Friday, 20 April 2018

#ReadShortStories (65 to 70)

It's been slower short story reading of late, for me, since I've gotten myself hooked on a few novels. This batch, among other things, finishes off my Hugo short story reading. I will do a separate post soon focussing on just that shortlist and talking about how I would vote. I also started reading the novella anthology The Underwater Ballroom Society and it's first fairytale rock opera rock star and fairyland story.

Clearly Lettered in a Mostly Steady Hand by Fran Wilde — Not a terrible story but not to my taste. (I say this in light of it’s Hugo nomination.) It had an interesting vibe and the second person narration worked well but I didn’t think the end came with sufficient pay-off (for a Hugo nomination...). Source:

Welcome to Your Authentic Indian Experience™ by Rebecca Roanhorse — An eerie story that starts out as one type of science fiction, exploring (Native American) race through a commercialised lens... then turns into a different sort of horrific story. I enjoyed it and didn’t see the second half coming from the vantage point of the first half. Certainly an interesting read and I can see why it made the Hugo shortlist. Source:

The Queen of Life by Ysabeau S Wilce — A novella about rockstars and fairyland, death and fame. I found the opening a little too slow, as it took a while to set the scene and establish sufficient backstory so that what felt like the “real” story could start. When that came, it was an interesting journey into fairyland filled with deception, glamour and a corgi steed (sort of). I enjoyed the second half of it more than the first. Source: The Underwater Ballroom Society edited by Stephanie Burgis and Tiffany Trent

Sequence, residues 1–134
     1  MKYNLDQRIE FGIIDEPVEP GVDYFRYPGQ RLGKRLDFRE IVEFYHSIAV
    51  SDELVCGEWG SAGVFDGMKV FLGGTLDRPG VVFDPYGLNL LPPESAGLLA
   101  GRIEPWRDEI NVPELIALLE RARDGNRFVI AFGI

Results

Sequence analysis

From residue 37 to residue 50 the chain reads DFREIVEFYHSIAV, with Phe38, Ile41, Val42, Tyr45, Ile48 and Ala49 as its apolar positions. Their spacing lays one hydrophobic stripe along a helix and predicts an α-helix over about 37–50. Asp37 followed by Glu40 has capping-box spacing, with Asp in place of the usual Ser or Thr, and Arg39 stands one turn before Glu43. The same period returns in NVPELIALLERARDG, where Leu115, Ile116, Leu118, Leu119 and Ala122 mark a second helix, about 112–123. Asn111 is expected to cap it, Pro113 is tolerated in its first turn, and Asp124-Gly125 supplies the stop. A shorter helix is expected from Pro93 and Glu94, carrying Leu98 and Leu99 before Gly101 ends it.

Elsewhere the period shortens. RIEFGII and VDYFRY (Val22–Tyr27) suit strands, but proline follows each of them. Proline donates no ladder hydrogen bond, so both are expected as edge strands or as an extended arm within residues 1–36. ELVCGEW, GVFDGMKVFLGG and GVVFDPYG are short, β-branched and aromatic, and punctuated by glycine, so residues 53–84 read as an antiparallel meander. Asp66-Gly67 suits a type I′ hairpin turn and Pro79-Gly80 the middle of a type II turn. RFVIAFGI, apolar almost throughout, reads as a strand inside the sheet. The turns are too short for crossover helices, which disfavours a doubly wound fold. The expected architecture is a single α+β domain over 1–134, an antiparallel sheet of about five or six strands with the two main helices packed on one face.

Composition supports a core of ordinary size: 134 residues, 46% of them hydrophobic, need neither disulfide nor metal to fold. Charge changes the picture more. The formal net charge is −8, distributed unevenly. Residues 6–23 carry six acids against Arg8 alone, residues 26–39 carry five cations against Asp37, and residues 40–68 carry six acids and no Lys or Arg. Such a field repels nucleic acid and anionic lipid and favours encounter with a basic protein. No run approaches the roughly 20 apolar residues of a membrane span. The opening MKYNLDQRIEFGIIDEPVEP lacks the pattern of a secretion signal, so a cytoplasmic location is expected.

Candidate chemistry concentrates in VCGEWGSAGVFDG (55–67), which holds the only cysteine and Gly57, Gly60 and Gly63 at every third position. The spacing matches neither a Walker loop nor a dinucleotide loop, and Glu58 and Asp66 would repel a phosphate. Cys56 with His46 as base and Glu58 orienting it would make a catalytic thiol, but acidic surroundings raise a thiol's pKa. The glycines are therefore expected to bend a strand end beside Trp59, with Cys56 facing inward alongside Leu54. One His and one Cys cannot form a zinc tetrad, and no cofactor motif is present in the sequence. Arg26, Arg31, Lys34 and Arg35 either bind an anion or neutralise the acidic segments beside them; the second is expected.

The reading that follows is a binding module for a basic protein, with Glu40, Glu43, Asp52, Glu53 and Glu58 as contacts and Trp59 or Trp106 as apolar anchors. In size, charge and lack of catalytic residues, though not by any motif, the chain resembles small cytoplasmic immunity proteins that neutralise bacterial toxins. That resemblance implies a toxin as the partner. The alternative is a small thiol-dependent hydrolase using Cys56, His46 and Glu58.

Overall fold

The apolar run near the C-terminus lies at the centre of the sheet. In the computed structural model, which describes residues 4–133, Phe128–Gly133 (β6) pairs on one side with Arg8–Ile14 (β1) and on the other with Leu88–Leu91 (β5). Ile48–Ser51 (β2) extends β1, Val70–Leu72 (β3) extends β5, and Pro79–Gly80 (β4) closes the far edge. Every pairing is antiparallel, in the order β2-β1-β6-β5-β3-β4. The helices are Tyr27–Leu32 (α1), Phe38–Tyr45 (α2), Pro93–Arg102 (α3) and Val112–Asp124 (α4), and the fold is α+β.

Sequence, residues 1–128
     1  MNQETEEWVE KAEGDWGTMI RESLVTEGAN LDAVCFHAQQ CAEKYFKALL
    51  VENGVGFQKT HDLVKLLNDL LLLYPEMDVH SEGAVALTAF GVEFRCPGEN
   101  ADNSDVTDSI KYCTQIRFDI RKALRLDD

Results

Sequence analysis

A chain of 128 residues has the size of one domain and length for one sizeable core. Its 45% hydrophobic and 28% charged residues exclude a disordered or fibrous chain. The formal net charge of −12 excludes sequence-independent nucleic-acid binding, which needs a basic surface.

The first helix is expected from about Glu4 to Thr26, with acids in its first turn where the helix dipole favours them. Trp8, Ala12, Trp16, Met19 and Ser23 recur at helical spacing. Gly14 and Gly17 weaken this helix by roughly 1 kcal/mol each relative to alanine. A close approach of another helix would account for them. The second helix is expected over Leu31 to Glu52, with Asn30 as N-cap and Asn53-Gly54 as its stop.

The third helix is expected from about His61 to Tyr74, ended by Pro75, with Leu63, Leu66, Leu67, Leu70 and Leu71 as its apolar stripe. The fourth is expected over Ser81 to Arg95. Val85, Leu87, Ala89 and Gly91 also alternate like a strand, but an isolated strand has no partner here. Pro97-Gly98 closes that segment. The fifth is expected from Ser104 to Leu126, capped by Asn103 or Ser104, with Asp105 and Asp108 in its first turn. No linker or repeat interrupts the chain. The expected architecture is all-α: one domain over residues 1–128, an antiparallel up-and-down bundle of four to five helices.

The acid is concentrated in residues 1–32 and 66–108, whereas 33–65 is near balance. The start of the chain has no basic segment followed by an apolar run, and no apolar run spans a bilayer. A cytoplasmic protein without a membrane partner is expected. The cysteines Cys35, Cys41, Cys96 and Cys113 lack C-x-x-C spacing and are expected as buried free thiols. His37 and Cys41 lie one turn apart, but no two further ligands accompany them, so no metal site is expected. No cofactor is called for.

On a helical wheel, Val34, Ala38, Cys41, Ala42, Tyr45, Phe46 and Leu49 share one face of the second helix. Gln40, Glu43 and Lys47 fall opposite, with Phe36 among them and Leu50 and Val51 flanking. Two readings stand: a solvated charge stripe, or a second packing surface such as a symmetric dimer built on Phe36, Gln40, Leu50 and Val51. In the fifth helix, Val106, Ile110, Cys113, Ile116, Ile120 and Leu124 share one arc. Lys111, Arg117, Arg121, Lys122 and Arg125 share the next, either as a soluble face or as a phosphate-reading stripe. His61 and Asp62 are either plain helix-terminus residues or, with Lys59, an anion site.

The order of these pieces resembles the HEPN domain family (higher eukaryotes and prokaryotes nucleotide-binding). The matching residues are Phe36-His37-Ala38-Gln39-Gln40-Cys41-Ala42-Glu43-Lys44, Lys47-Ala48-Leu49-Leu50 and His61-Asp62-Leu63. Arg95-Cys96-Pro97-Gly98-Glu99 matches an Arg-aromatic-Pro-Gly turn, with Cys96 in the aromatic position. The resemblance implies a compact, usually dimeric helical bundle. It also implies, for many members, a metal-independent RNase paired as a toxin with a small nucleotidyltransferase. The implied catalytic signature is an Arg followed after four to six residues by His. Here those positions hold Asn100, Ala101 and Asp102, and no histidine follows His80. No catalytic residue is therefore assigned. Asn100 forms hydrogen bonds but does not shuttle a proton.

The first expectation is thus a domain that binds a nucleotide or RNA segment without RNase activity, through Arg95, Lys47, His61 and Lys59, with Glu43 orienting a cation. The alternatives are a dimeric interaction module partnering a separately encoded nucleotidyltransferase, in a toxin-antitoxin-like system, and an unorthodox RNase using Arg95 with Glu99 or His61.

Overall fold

Sun, Moon, Dust by Ursula Vernon — A cute story about a man who inherits a magic sword from his warrior grandmother, inhabited by spirits that can train him to fight. But all he wants to do is farm potatoes. I enjoyed the subversion of the magic sword trope, the goat and the tentative queer love story. Source:

Carnival Nine by Caroline M. Yoachim — A lovely story about mechanical toy people who live out their lives based on the number of “turns” they get. A metaphor for energy and disability/chronic illness that, I suppose, makes more sense than spoon theory — and in fact for that very reason I’d actually heard of this story before I got to reading it. The main character has more turns than average and the story follows her life from childhood through adulthood, partnering up, and having a child. And focuses on how many turns the people around her have or don’t have. Source:

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